Tuesday, 1 July 2014

Meet, Quynh Vantu

How would you describe your art practice?
My practice is at the intersection of art and architecture. I formally trained as an architect and worked a number of years in a more traditional architecture practice in the United States. I love architecture but I always asked myself if there was an alternative way of working in the profession of architecture. I also really missed getting my hands dirty and working with materials since most of the time spent in the architecture office was mainly on the computer. I was able to explore more of a studio arts practice when I went to graduate school at the Cranbrook Academy of Art in Bloomfield Hills, Michigan. Although I was within the architecture department, the school was an art academy and there was a lot of cross-pollination from the various departments. It was a consciously small school giving each student much more space to work and construct 1:1. I started using the form of the installation as a way for spatial experimentation, as a work of architecture takes a considerably longer timeframe to come to fruition. It really was a great time to ask questions through the work itself.

What is your usual working process?
Having the strong architecture foundation, I would say I do have a tendency to still work in a similar manner as I would with setting out a project program or brief. But with that said, I also have the liberty of creating that brief and making the problems I then try to solve. It is a back and forth process between problem making and problem solving and that is really what I enjoy about being in-between architecture and art. I like to work with a site or some sort of limits. I am interested in both the hand and digital processes and utilize both when working on a project, whether in construction methods, computer modeling or hand drafting. And I consider myself a planner and organizer, years of working in architecture and predicting and planning schedules really has assisted me in seeking out these larger projects that I do much of the physical and mental labor myself. I do also enjoy collaboration as well, since within architecture, it is also a very collaborative process. When it is necessary I do enjoy working with a team and have a deep respect for skilled craftsmen. I welcome learning new skills and try to let the work be free of only my own skill sets so that the work is not tied to one medium or process.

How important is the place or site where you practice your art?

I am certainly affected by the place that I practice within. With opportunities such as this, as an artist-in-resident at Norrköping AIR, I feel that traveling and living within a new culture that is not your own brings about awareness for the everyday practice of life within that environment. Not only through the culture but also the natural and physical phenomenon of a place as well. Sometimes the material resources differ from place to place, dictating and inspiring some decisions on certain projects to construct. I enjoy adapting to these conditions and experimenting with what is around me.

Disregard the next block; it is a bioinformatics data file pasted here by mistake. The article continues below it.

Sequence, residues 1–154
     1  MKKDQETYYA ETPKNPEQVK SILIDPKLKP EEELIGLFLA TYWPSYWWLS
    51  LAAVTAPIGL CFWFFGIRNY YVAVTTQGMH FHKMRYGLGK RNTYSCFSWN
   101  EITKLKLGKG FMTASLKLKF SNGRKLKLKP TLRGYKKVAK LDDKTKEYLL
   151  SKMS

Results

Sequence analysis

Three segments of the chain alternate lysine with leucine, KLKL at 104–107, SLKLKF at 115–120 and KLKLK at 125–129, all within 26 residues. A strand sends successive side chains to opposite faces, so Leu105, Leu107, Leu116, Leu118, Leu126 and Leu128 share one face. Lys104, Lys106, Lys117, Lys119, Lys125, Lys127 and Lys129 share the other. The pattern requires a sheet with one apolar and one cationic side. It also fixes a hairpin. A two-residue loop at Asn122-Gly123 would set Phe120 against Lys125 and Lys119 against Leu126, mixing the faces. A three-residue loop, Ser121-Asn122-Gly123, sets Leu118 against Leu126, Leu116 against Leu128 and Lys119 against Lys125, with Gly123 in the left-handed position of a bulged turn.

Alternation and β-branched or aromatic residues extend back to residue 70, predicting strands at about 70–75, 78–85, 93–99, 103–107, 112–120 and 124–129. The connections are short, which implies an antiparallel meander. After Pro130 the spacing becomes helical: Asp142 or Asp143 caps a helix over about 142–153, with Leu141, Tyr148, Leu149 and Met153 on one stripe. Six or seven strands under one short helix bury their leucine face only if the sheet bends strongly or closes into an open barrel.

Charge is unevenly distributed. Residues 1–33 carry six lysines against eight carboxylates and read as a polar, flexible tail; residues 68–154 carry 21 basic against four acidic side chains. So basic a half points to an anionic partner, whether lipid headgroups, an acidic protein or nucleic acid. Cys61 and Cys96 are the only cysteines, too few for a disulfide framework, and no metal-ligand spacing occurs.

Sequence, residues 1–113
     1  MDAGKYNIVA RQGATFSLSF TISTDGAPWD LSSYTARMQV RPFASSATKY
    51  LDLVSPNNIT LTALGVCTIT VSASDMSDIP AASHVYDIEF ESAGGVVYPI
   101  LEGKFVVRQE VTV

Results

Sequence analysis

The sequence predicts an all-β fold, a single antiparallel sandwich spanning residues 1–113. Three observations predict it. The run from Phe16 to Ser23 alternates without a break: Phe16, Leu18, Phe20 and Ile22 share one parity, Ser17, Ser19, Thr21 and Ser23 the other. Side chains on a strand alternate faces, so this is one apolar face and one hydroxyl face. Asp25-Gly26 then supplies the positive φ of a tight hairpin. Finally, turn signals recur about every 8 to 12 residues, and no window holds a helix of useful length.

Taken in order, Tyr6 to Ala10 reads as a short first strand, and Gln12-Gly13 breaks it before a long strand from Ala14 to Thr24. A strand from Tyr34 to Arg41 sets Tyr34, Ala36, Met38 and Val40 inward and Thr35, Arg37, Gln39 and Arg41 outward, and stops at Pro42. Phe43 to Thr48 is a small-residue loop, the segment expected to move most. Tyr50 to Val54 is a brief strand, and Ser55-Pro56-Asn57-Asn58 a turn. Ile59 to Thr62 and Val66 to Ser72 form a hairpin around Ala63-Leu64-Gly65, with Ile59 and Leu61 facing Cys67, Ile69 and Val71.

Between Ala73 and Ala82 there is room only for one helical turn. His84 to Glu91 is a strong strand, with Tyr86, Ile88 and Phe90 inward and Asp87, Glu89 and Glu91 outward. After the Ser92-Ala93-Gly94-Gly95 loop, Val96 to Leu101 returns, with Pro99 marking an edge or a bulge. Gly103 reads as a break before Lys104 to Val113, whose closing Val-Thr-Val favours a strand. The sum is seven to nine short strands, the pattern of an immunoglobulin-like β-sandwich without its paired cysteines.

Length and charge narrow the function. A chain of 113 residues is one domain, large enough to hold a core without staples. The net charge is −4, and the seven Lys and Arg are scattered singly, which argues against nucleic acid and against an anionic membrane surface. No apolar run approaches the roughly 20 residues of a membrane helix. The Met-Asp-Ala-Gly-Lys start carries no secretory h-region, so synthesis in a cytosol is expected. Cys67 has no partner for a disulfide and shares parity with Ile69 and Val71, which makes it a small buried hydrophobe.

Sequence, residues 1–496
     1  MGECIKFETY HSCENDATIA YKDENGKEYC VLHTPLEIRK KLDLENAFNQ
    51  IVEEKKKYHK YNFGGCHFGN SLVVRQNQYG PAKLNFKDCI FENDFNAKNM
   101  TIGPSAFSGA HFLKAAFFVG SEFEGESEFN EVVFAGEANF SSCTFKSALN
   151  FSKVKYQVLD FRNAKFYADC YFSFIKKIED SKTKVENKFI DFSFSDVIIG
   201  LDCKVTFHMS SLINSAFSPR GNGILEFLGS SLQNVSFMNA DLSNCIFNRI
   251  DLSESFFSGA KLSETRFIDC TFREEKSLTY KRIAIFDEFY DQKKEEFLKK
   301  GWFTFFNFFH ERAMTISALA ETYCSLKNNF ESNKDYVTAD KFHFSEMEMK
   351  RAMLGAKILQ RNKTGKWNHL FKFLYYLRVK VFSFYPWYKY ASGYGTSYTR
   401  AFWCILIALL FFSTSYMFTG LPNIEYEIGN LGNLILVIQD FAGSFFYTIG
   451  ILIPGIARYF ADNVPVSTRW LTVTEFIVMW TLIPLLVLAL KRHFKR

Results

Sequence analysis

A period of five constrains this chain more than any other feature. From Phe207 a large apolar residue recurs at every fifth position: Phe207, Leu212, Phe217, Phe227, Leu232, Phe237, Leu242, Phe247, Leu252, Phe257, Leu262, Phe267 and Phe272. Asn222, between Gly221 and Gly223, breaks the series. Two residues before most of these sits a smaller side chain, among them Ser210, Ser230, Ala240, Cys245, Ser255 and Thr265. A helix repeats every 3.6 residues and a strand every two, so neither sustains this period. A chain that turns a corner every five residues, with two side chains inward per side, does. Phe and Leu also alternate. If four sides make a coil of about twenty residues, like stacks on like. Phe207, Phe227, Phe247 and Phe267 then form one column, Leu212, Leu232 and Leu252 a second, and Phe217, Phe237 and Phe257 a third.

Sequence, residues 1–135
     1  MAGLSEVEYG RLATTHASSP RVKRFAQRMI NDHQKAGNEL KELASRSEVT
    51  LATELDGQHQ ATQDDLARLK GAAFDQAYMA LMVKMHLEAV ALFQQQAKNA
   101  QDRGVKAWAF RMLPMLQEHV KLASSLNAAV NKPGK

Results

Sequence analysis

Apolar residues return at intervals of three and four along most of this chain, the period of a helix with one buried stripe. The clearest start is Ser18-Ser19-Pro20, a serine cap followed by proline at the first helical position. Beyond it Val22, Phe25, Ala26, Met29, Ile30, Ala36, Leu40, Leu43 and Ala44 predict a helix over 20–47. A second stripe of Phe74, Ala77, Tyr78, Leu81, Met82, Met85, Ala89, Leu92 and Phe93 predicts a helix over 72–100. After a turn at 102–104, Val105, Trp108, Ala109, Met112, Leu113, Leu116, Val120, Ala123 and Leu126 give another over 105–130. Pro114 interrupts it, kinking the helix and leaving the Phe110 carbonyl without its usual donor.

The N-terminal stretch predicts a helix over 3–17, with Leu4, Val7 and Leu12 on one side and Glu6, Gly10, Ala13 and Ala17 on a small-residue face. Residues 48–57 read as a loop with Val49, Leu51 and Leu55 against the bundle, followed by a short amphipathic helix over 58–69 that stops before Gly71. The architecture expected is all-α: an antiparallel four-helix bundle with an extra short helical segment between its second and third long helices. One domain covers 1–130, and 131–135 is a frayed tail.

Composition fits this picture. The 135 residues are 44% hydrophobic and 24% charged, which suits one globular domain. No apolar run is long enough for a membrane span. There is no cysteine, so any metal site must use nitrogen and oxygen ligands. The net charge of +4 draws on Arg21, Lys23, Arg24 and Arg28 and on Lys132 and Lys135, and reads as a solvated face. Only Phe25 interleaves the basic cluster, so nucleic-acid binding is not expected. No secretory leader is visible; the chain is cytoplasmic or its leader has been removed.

Can you describe an encounter with one or more members of your audience that have inspired you particularly in your artistic practice?
I can say that I really enjoy observing the audience participating with my work. The work becomes the conversation with the public. Like architecture, these works, when they exist in the world, have to speak for themselves. Sometimes the works say different things to different people and that is what I like observing. To see someone in the mode of discovery and conversation with a work is really exciting as well as enlightening to me. I think the part of me that is an architect tries to predict how people will engage and perform with the work, but the artist in me wants to just observe and see how people interact. I always learn from seeing the work in a sense come to life, and how the public responds.

What would you like to get out from a residency?
The residency is a great platform for artists to continue practicing and making work. For myself, who makes work that is usually outside of the typical gallery setting, it is a way to continue my art practice and research without relying on the work as a commodity, but rather a way to use the work to ask critical questions through these spatial installations. A residency also gives one an opportunity to engage among a peer of like-minded individuals that can stimulate and bring a critical discourse to your work. In addition to the new community, a new setting, culture and environment is also a source of inspiration. During my time at Norrköping AIR, I wish to discover the Scandinavian architecture that I have only studied in books, as experiencing architecture brings about such a different understanding of a place. I will also be creating a new work of architectural interventions within some existing spaces in Norrköping, perhaps both inside and outside. I hope the work will make you pause, contemplate and question your interaction of the built environment.

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